NEW YORK
FROM FLASHY VEGAS VAMPS AND SEQUINED SIRENS TO OH-SO-PROPER LADIES.

Mary McFadden: Mary McFadden has long understood a universal truth that eludes most historians, philosophers and, of course, designers. One common thread runs through the whole of world history, including ancient Greece, Indonesia and the cult of Osiris — the Marii pleat. For spring, the only retro at McFadden is McFadden. Amidst the usual suspects — the classic pleats, beading and harem skirts — there were some standouts: long, floating dresses in iridescent chiffon, and a long, silver crinkled organza dress with a silver beaded bodice.

Isabel Toledo: Toledo’s innovative and beautiful clothes are perfect for an edgier, downtown crowd — one that has money to accommodate its taste. And downtown is where the designer displayed her clothes, mostly on mannequins, in the Pucci International loft. Toledo’s clothes are always sensual, whether it’s in the sculpted fit of a sheer organza blazer, the romantic layering of pastel chiffons, a dramatically cut sleeve or the unabashed sizzle of a long, red satin coat over skinny pants.

Cynthia Rowley: It was much more than chance that made Cynthia Rowley’s Luck Be a Lady collection hit the jackpot. Betting on Vegas-inspired dresses and suits, she delivered a feminine and sexy message that left retailers like Rose Marie Bravo raving. As Frank and Tony crooned, out came vampy pink satin bias looks, shirtdresses and belted sequined suits straight from “Guys and Dolls.” Rowley kept the spirit of Elvis alive with some of the best snakeskin around, on sequined suits, A-line skirts and hip-huggers — pairing them with satin western shirts and Wayne Newtonesque tuxedo versions. There were touches of sweetness, too: long dresses in white cotton organdy, hemmed with pressed flowers.

DuPont Lycra: From satin to shrunken tops, many of spring’s key trends turned up at the DuPont Lycra group show. But for the most part, the 13 participating designers from New York and California went their own way, with plenty of short, feisty looks and classic sportswear and dresses. What stood out: sexy corset suits and mesh polo dresses from Kathryn Dianos; cropped tops and miniskirts in Palm Beach pastel plaids by Michele Bohbot; Rix’s fluid jackets and pants in crinkled cotton and Lycra spandex, and Martina Rossi’s hot ribbed halters over twirl skirts. The finale also provided some innovative bridal looks — Van Buren’s patent-trimmed gown, Tadashi’s wrapped mermaid and Dianos’s pleated Empire dress. Unfortunately, however, heavy-handed styling sometimes overpowered the clothes.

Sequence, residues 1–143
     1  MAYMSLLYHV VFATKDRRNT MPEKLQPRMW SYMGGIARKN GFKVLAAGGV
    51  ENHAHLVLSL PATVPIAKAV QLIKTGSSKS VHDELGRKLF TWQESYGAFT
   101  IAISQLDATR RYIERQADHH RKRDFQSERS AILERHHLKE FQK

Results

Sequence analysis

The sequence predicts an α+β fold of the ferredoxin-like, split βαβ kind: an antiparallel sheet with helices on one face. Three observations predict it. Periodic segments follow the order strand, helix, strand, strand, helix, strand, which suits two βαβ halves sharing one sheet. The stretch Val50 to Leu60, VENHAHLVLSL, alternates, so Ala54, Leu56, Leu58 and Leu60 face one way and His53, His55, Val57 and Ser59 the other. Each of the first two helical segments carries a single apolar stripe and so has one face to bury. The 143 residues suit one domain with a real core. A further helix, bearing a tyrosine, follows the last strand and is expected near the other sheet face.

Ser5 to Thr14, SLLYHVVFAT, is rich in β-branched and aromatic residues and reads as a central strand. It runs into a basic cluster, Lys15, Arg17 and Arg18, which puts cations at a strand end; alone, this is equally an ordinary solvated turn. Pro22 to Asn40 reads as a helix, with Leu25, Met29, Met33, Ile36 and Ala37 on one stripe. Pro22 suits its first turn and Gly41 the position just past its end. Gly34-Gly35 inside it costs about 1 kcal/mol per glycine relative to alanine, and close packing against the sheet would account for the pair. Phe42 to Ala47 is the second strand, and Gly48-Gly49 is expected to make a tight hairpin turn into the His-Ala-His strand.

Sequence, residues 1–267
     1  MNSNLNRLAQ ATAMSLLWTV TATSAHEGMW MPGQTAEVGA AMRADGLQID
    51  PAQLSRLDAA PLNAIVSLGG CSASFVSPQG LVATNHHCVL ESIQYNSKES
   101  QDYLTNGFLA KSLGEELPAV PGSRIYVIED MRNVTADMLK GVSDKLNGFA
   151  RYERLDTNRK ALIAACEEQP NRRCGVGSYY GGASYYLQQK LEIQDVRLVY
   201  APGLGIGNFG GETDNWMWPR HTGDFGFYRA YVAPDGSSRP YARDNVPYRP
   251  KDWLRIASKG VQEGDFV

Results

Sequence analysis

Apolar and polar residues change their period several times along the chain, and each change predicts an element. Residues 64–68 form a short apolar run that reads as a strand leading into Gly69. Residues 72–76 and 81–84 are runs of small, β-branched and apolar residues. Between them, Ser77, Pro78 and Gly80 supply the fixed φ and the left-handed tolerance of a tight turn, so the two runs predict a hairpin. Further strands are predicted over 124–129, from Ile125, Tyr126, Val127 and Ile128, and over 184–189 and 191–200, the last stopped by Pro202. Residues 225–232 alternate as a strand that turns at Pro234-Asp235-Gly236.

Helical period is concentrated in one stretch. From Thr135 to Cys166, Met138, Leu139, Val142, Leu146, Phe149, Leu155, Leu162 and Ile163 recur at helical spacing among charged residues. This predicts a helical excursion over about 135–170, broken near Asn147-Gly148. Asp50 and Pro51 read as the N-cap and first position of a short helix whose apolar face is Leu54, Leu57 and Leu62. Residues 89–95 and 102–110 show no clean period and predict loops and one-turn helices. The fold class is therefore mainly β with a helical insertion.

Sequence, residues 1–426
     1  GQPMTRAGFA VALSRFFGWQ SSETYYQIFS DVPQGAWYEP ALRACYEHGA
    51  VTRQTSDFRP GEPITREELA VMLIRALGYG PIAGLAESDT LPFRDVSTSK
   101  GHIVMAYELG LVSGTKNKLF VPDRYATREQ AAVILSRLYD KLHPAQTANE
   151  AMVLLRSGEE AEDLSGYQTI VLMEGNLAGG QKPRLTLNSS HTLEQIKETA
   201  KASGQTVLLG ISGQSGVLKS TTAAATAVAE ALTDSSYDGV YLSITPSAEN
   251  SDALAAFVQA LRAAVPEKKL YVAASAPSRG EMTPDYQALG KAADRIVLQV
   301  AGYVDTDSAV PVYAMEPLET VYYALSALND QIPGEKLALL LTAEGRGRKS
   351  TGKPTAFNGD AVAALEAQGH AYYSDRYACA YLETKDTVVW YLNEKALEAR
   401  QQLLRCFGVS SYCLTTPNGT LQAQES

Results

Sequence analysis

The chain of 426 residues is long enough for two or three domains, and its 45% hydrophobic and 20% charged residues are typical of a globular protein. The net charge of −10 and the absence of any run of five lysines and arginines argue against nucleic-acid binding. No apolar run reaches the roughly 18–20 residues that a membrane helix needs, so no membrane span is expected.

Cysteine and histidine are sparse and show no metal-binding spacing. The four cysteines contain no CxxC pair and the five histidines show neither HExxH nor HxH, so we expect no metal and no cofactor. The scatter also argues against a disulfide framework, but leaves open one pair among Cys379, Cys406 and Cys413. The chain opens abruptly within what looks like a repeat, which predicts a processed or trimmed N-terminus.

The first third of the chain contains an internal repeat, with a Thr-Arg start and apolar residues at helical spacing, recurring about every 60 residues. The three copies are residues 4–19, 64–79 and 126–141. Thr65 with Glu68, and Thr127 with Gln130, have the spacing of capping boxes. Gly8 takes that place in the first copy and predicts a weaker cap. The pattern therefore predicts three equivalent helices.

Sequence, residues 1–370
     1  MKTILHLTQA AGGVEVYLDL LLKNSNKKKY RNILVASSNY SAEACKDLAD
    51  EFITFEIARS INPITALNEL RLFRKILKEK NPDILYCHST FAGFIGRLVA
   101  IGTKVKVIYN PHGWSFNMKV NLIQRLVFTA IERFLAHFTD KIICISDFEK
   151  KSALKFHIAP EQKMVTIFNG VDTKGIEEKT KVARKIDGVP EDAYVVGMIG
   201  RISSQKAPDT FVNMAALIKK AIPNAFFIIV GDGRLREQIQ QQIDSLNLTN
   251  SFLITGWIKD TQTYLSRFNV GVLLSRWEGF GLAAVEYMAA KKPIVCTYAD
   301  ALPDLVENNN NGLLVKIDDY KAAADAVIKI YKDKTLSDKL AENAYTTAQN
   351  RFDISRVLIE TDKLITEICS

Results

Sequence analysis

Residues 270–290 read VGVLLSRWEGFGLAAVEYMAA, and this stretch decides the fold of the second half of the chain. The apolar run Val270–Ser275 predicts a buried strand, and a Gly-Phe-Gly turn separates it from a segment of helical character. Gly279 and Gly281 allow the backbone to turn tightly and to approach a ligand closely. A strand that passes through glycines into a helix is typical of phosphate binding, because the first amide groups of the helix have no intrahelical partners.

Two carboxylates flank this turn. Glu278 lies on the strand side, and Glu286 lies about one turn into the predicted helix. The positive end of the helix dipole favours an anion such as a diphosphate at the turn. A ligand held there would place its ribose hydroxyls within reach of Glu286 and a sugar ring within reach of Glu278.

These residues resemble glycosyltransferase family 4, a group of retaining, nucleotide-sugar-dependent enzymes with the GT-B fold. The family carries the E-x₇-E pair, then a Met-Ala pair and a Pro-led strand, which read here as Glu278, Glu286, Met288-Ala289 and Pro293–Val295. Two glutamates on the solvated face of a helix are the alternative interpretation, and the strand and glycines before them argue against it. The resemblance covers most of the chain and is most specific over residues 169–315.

Joan Vass: Joan Vass always does her own thing, regardless of the trends. She had model Eve stripping down to a sexy black cotton knit string bikini, and Janice Dickinson looking a tad self-conscious in some slinky knit numbers. Little cropped racer-back sweaters and simple drop-stitch tank dresses were fresh and flattering, but the layered watercolor print chiffon dresses paled in comparison.

Gemma Kahng: Her show was short — just 49 looks — and sweet. This season, Kahng went the demure route with slim and full knee-length skirts and fitted jackets, many with little bows and flower-shaped buttons. Silk and linen Gazar dresses and a Fifties-inspired white linen sundress, worn with gloves, patent-leather purse and veiled hat, brought her ladylike theme home.

Ghost: The Ghost collection had it all — hippies, Salome, Donna Summer, even Lawrence Welk’s Champagne Lady, Nora Zimmer. What was missing: anything new. This collection is really about alternative basics rather than trends. And that’s to be applauded; not every staple is khaki pants. The clothes looked best in the opener when they were shown for what they are — pretty, flowing layers with a hint of the latter-day flower child. The problem, so apparent on the runway, is that this look has a finite range. Styling, like governments, can’t fool all the people all the time.

Bradley Bayou: Bayou did show some amusing looks, and even an elegant thing or two. He charmed the audience with pastel cropped sweaters and minis trimmed with black angora and a beige tweed car coat over a white patent-leather straight skirt. But the collection meandered, sometimes becoming too cute for words, or even vulgar — with pale suits over black bras, and clear vinyl vests with flowers.

Kenneth Richard: He’s always been a shape man, and this season Richard improved his technique, cutting some very good-looking clothes. There were wonderful fitted coat jackets, worn with belly-baring hip-huggers, and white-and-indigo print column dresses. Richard even brightened his outlook, adding mint, lavender and sunny yellow to his palette. But he should hang up the draped skirts — they dragged things down.

Jeanette Kastenberg: Should there be a show if there are only 17 outfits? Sure, there were a few nice things: a Liberty of London, narrow knee-length skirt with a belted, sequined jacket and some sequined siren dresses. But Jeanette should have forgotten the cheap, polkadot dresses — and probably skipped the presentation itself, as well.

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